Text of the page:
Up Close: A poll book from the 1710 election in London

Voting was not a secret process in early modern England. The poll book shown here published the names of all the voters in London and which candidates and party they voted for in 1710.


Roast joint of mutton: A recipe from ‘Fat Rascals’

John Tufts is an award-winning actor and the author of “Fat Rascals: Dining at Shakespeare’s Table,” a cookbook featuring over 150 authentic recipes straight out of Shakespeare’s plays. Here, he shares his recipe for a roast joint of mutton, inspired by a line from Henry IV, Part 2.


Dante vs. Shakespeare: An excerpt from ‘Take Arms Against a Sea of Troubles’ by Harold Bloom

The excerpt begins: “Dante, poet and man, is obsessive. This is particularly true in the Latin meaning of the word: besiege or be besieged. Shakespeare’s protagonists sometimes are obsessive or besieged. Yet they can and do change. Leontes emerges from his madness. Prospero acknowledges Caliban, this thing of darkness, as his own. Falstaff dies, plucking at flowers and singing the twenty-third Psalm. Dante or Shakespeare? We need not choose. Who are we to choose? They choose us or pass us by.”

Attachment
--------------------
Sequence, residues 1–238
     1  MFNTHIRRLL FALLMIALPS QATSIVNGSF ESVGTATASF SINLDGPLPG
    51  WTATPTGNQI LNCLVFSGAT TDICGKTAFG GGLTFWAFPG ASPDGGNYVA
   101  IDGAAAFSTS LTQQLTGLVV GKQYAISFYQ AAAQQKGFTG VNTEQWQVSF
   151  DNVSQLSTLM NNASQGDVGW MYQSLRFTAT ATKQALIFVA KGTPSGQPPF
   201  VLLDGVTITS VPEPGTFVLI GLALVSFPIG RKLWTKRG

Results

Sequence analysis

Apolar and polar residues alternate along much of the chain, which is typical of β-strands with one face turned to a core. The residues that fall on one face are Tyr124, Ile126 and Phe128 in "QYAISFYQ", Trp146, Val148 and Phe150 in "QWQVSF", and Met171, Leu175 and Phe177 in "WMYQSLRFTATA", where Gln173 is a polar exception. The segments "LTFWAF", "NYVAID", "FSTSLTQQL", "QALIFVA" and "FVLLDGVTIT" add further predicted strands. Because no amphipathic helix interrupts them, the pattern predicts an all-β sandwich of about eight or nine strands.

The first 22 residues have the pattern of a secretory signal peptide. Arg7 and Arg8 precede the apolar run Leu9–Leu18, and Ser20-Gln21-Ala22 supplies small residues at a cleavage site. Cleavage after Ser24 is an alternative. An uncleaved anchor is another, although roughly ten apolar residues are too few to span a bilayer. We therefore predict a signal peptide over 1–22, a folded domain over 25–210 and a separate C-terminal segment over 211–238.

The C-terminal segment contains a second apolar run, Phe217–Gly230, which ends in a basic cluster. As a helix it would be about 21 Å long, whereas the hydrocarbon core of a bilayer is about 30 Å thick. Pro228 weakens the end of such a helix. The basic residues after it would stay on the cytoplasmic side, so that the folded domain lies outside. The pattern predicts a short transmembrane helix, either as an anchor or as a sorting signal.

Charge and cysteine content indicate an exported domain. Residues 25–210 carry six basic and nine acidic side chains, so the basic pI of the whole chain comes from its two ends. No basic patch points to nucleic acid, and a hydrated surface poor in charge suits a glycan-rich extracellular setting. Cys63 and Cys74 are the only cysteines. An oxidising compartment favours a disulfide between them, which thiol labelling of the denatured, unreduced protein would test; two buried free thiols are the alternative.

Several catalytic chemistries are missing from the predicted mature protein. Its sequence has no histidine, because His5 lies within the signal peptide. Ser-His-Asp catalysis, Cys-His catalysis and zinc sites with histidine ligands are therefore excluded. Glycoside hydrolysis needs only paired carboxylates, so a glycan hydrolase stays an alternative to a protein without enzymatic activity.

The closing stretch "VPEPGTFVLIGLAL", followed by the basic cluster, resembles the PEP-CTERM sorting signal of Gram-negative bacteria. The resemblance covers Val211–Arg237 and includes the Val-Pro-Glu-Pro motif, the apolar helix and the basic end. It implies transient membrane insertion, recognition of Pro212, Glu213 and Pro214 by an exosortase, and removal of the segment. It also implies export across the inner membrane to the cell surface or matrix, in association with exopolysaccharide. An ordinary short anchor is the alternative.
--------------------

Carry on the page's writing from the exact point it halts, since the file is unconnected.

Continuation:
Where to Watch Shakespeare in October

There are a ton of places to watch Shakespeare in October, both online and in-person. Here’s what the Folger’s theater partners are up to this month.


Strange Shakespeare: Macbeth and the even weirder sisters

Shakespeare’s witches haven’t always terrified audiences. For a century and more – from the late 17th to the early 19th centuries – actors played these parts for laughs. During the period in which Shakespeare became “the Bard”, the witches in fact brought a large dose of comedy to Shakespeare’s bloody tragedy. The origins of this surprising, but long-lasting, stage interpretation go back to 1664.